Rodríguez Huerta explained the first thing is to review the content and the topics you can cover; this can include everything from how the business is structured and what the product is like, to the established practices and methodologies used to assess the quality of projects. "Once you have the analysis of the content you want to work on, do your value stream mapping and look for potential blockers or ROI generators," he continued. Then you have to link the content to specific actions that help generate impact. Break down each task into small steps that allow the team to move steadily toward a clear objective. A handy tool for this is Bloom's taxonomy.
How do you execute?
To conclude the session, Rodríguez Huerta offered some guidelines that can help facilitate the Technical Coaching task and achieve impact.
- Tiny habits. Break the task down to its core component. Rodríguez Huerta mentioned the book Atomic Habits by James Clear, who developed a method for what must happen to create a habit. The book describes that the more skill is required for a task, the less motivation there is to turn that activity into a habit. Therefore, it is necessary to break the habit into small actions requiring little motivation and then build on it. Two essential things to achieve this are establishing a good trigger for the action and changing the context to make it easier to create the habit.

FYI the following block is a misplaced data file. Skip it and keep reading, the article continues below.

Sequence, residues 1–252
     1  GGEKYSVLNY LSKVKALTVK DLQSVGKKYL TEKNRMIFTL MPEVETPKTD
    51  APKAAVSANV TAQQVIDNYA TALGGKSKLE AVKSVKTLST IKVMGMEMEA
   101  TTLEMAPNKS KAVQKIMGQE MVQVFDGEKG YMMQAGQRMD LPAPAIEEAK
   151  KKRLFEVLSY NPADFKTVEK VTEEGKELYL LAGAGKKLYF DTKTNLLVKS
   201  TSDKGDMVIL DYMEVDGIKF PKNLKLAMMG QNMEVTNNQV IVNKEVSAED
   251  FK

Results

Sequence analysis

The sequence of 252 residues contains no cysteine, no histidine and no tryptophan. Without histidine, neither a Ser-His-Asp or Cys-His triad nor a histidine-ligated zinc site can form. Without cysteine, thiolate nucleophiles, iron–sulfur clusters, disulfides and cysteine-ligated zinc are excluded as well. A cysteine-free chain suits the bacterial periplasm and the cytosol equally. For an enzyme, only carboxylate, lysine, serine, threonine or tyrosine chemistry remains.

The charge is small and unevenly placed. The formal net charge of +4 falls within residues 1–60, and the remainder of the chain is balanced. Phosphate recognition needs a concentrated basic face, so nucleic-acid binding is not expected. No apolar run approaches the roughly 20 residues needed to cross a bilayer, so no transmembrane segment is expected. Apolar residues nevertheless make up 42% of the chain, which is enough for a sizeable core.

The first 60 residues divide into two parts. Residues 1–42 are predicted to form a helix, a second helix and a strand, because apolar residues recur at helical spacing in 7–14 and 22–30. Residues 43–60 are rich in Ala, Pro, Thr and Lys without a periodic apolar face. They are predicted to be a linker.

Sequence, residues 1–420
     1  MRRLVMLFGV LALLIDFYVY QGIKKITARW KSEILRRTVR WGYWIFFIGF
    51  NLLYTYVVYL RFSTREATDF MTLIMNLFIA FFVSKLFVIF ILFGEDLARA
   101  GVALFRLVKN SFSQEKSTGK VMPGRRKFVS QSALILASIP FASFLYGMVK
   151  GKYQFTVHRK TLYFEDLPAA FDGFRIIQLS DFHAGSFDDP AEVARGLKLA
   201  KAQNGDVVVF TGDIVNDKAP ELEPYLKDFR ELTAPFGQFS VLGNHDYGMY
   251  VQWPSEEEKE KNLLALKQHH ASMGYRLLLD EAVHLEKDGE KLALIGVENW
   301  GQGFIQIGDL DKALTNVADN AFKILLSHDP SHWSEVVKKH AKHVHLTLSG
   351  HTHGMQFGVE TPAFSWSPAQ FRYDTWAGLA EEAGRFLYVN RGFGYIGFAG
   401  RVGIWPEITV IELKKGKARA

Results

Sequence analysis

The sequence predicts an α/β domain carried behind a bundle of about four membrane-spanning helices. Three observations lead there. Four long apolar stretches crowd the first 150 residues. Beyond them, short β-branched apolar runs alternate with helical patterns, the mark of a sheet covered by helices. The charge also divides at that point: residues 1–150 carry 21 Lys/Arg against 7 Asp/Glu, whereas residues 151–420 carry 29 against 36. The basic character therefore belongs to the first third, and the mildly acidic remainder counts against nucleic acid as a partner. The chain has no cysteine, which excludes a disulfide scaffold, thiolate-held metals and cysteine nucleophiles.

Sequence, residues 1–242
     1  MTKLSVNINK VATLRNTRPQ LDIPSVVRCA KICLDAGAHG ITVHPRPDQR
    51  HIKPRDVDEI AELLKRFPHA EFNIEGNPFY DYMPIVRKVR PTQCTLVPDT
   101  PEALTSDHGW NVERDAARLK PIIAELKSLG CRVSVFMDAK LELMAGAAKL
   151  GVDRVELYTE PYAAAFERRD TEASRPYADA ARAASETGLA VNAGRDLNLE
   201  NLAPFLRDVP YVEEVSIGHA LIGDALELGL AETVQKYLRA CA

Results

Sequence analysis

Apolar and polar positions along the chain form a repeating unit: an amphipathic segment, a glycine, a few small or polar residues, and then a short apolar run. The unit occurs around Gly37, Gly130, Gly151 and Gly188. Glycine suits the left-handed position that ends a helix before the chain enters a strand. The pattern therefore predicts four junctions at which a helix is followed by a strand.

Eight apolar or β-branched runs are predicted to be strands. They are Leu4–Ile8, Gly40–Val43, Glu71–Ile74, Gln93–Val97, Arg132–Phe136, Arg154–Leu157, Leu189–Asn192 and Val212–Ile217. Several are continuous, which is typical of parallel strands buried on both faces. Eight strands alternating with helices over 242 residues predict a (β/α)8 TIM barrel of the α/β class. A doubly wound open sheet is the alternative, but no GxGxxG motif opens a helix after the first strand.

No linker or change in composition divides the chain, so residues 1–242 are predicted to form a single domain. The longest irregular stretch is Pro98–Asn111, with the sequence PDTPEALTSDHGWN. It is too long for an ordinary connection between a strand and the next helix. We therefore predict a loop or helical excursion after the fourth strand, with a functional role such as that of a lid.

- Reinforcement. Find some way to celebrate the behavior or changes you want to achieve. Create appropriate spaces to exchange experiences and opinions, and learn from mistakes as a team.
This meeting is part of a circuit on Technical Coaching; if you want to watch the entire session, you can find a link to the video below. If you want to review concepts and tools, we also share with you the miro board that Rodríguez Huerta used for his presentation. Also, remember that on our video page, you can review previous sessions on technical and team management topics.